11 comments:

  1. I tried a course where the forum for other students' critiques dominated. I think even Jane Austen would have been demoralised to read 'OMG, tha Emma is a complete bitch - I'm no reading any more of your work!!'

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    1. I would be demoralised by that too, Eve! That's where the tutor should come to the fore and teach students how to critique rather than criticise. Critiquing - effective feedback - is an important skill to learn. Just as important as learning to write, because as we critique other people's work, we learn to avoid the same mistakes in our own.

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  2. I did a correspondence course in writing for children. It left me discouraged and unpublished in spite of a minor success in a competition.. It took me nearly twenty years to start writing again.
    On a brighter note, Adrienne, I was interested to read in Together magazine about your career. Sue.

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    1. I'm sorry you had such a negative experience, Sue. I know that my first attempts at a writing course, many years ago, was less than helpful, but in that case I only received limited feedback from a single tutor - and I was a raw beginner and probably not ready for it. The beauty of the OU course, and others like it, is the feedback from multiple people. Even a tutor has some measure of personal bias (although hopefully balanced by experience). If one person highlights a problem we might be able to disagree and ignore, but when three or four people are all pointing out the same section as having a problem, we need to pay attention.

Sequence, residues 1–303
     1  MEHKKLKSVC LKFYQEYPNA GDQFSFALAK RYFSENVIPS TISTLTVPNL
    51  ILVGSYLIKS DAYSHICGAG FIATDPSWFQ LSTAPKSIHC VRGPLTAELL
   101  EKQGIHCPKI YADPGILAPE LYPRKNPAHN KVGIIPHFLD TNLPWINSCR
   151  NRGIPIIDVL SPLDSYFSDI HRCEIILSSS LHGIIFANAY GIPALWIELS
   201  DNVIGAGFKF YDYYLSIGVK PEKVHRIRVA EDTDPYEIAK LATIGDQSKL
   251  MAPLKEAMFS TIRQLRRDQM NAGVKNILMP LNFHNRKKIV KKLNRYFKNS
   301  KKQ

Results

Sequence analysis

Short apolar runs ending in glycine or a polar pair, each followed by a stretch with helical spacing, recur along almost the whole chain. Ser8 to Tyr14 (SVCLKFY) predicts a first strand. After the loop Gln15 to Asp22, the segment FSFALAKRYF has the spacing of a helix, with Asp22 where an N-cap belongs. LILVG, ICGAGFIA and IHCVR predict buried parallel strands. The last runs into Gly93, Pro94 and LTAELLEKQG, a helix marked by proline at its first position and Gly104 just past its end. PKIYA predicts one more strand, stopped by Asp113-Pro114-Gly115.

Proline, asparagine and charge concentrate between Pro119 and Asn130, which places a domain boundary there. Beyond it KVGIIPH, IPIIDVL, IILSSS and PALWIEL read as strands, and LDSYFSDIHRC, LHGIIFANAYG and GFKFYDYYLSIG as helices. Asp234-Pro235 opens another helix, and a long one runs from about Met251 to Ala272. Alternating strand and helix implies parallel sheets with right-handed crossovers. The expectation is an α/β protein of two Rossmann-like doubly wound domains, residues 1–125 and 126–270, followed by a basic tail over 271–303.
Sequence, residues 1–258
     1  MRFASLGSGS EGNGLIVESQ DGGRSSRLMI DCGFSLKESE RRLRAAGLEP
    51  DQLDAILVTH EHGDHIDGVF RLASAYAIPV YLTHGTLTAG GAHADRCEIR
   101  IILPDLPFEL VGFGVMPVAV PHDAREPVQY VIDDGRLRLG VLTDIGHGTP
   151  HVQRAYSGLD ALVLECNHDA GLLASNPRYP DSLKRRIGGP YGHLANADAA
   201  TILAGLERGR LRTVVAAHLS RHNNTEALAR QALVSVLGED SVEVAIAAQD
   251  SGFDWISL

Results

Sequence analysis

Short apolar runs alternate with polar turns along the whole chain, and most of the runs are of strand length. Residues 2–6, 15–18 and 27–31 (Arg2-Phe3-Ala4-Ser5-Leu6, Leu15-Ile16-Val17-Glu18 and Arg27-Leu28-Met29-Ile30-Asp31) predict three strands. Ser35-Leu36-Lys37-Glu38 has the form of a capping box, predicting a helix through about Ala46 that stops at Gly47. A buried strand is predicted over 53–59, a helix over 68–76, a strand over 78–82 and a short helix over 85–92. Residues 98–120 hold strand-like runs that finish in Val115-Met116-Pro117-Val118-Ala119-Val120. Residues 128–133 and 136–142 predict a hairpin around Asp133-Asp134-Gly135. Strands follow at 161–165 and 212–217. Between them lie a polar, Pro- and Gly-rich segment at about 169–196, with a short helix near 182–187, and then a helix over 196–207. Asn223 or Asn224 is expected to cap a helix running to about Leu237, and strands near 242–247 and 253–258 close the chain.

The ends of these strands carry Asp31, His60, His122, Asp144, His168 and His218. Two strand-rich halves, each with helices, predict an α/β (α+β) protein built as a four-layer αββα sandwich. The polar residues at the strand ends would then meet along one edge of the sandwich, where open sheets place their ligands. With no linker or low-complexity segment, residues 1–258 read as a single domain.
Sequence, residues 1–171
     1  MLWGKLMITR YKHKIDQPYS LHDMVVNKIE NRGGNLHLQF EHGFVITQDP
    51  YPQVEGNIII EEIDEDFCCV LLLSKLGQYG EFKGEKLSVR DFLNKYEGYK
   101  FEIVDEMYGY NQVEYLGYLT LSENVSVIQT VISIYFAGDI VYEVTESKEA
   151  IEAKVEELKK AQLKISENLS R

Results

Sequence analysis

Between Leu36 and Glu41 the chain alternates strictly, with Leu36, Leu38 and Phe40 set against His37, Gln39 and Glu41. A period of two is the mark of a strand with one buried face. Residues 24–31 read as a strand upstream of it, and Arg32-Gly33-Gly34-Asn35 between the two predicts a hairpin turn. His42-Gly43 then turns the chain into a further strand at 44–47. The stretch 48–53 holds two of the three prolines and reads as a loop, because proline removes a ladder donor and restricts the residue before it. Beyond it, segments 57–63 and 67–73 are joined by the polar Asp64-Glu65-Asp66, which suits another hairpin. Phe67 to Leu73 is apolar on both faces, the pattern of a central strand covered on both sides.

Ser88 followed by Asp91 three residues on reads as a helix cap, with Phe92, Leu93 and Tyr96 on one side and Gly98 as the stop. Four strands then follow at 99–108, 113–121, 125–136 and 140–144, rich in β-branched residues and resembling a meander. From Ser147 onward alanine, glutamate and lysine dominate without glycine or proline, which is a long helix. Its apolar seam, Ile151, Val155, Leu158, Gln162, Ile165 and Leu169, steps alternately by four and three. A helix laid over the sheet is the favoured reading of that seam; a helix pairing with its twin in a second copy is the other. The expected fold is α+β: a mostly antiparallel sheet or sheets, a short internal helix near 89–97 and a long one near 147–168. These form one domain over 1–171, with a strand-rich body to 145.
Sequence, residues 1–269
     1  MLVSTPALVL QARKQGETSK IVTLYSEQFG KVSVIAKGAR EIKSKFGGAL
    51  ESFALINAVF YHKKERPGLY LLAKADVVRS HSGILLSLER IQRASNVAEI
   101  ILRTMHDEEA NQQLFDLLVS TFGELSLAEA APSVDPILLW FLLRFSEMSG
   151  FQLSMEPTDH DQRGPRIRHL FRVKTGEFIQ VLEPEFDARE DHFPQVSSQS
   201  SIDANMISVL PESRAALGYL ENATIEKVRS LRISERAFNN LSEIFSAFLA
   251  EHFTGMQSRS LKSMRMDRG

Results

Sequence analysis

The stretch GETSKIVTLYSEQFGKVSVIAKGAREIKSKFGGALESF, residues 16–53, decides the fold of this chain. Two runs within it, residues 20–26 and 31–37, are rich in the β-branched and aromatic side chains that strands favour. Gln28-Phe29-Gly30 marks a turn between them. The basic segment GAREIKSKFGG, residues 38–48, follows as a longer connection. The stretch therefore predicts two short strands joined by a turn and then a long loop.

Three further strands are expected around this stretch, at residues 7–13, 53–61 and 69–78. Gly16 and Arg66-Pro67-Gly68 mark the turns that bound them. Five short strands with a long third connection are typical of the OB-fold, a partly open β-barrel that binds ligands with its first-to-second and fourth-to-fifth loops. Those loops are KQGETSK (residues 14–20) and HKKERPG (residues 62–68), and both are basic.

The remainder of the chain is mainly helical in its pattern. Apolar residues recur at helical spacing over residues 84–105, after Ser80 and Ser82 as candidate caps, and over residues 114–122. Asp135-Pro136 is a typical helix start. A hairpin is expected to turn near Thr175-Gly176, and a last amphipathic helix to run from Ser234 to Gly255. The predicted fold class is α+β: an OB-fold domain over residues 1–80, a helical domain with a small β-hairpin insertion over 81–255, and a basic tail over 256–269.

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  3. This is really interesting. Thank you. I am debating whether to go down the OU route so this has been helpful. I agree we need to be open to critique if we want to move forward as writers.

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    1. Thanks, Wendy. Do get in touch if you want more information about the courses. :-)

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  4. A great article with lots of sound advice. Thank you.

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  5. Very interested to hear about you and your tutor not being a good fit. Then you having the courage to ask for another one. On my MA in Creative Writing, my first tutor was also not a good fit. I did not ask for him to be replaced, but his circumstances changed and I was appointed a new one. Nine years later and he and I actually work together lecturing on the course. We are simply a better fit. Good for you for having the courage to ask!

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    1. Thanks, Fiona. I'm fortunate to have had a very good mentor assigned to me from the very beginning, and she supported me all the way in requesting the change.